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Is a local or national buyers agent best?

Is a local or national buyers agent best?

More and more investors are purchasing interstate every year as they recognise the potential of buying in locations that are primed for future capital growth. But is it best to use a buyers’ agent who is local to a specific area, or one who has a national focus? And, how does an everyday investor know which areas are showing the most potential anyway? Of course, the answer to that question in particular is that most don’t. Rather, they may have read media stories about a city or region being the latest hotspot, then simply decide that they should invest there,

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Exploring Queensland's rental reforms

Exploring Queensland rental reforms

In recent years, Queensland, Australia, has witnessed significant shifts in its rental landscape, driven by a wave of legislative reforms aimed at addressing various challenges within the rental market. From rent increase caps to portable bond schemes, the Queensland Government has embarked on a journey to overhaul rental laws in a bid to create a fairer and more transparent renting environment. These reforms, implemented with the intention of stabilizing rents and democratizing the rental market, have sparked discussions and debates among stakeholders, including tenants, landlords, policymakers, and real estate professionals. In this article, we delve into the intricacies of Queensland’s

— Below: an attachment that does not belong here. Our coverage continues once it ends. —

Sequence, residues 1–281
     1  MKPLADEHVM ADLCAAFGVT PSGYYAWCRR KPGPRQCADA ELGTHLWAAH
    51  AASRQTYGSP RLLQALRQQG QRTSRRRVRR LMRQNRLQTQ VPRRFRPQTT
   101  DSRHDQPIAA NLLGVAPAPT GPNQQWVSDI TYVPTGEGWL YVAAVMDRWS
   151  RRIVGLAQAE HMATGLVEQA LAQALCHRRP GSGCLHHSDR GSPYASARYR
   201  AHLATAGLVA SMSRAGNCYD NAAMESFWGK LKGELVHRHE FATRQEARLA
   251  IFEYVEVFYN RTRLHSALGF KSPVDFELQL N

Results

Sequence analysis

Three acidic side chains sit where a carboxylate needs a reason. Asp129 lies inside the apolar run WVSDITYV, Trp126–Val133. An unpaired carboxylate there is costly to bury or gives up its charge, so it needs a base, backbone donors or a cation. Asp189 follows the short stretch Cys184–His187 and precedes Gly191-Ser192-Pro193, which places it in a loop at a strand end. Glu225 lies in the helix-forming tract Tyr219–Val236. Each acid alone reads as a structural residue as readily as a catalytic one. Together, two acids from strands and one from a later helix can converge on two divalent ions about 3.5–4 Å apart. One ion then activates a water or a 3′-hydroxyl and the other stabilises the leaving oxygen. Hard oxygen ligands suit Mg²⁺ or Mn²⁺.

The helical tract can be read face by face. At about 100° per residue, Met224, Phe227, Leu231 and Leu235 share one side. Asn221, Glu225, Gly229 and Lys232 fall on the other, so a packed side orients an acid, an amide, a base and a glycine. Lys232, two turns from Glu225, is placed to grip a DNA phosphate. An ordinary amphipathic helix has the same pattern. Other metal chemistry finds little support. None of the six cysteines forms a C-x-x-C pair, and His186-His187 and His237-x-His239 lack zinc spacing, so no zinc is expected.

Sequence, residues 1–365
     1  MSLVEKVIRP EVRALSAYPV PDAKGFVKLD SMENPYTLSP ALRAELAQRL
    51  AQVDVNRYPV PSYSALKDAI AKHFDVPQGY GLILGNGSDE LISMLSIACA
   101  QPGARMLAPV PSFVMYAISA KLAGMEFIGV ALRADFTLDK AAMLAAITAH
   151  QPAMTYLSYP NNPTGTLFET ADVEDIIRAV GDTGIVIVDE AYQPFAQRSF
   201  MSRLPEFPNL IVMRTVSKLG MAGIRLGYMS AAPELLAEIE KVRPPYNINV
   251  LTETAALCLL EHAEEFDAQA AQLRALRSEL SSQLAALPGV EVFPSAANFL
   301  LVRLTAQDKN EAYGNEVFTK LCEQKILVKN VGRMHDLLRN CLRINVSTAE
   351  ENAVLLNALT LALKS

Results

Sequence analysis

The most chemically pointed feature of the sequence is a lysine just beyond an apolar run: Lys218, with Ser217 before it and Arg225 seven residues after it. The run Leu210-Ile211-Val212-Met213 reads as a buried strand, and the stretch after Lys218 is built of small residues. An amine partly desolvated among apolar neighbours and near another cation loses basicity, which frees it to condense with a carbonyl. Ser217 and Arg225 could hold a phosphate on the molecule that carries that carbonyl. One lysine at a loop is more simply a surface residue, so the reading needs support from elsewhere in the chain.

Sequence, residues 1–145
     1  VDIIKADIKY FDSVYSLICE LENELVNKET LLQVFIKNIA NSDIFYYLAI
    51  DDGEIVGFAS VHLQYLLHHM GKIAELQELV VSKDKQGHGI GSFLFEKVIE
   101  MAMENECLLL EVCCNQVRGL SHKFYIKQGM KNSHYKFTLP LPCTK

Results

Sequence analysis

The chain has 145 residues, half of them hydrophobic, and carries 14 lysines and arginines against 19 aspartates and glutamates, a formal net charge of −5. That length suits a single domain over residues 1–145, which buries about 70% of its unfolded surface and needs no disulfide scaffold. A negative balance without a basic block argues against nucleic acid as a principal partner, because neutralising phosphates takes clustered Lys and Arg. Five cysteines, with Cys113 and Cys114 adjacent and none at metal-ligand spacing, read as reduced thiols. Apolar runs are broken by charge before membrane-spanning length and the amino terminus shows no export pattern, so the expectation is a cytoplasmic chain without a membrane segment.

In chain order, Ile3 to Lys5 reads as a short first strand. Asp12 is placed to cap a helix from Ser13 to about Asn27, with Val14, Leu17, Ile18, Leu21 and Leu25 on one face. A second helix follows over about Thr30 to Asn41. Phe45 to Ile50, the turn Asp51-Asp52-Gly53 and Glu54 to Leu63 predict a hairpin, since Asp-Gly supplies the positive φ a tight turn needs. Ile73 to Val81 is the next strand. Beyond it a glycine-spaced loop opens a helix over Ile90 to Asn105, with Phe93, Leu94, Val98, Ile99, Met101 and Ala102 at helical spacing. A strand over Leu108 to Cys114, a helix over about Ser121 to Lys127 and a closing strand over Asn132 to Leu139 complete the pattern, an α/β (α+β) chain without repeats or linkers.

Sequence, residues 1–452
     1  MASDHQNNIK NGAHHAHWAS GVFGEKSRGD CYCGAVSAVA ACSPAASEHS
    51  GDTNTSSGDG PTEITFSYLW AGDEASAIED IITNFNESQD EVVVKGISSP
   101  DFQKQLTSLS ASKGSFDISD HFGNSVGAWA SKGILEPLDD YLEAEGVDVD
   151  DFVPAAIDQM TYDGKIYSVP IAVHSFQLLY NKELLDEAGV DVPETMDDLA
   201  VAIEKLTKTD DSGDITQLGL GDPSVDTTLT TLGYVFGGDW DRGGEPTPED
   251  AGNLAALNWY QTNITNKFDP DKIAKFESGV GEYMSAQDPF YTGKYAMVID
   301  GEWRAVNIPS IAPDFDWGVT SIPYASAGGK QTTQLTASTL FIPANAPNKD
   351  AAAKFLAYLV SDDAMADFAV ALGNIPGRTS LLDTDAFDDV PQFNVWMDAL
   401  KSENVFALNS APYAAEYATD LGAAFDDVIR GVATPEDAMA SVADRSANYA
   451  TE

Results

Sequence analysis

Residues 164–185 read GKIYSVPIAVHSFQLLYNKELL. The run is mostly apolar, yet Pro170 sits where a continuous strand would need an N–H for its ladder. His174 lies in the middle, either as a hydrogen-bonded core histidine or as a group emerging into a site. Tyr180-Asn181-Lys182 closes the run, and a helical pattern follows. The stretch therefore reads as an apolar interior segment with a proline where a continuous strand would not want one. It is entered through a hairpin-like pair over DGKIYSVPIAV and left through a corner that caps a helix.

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Investor exodus Victoria

Investor exodus means now is the time to buy in Victoria

With the prevailing narrative being that property investors are fleeing Victoria in droves, we believe that savvy investors should be doing the opposite. There had been much media attention on investors deserting Victoria because of its new land tax policy as well as a raft of rental reforms, but the fundamentals of the nation’s second most populous state remained overwhelmingly positive. Now is the time to invest in Victoria because of much lower competition from other investors. In the grand scheme of things, property expenses and taxes are part and parcel of owning investment properties over the long-term and they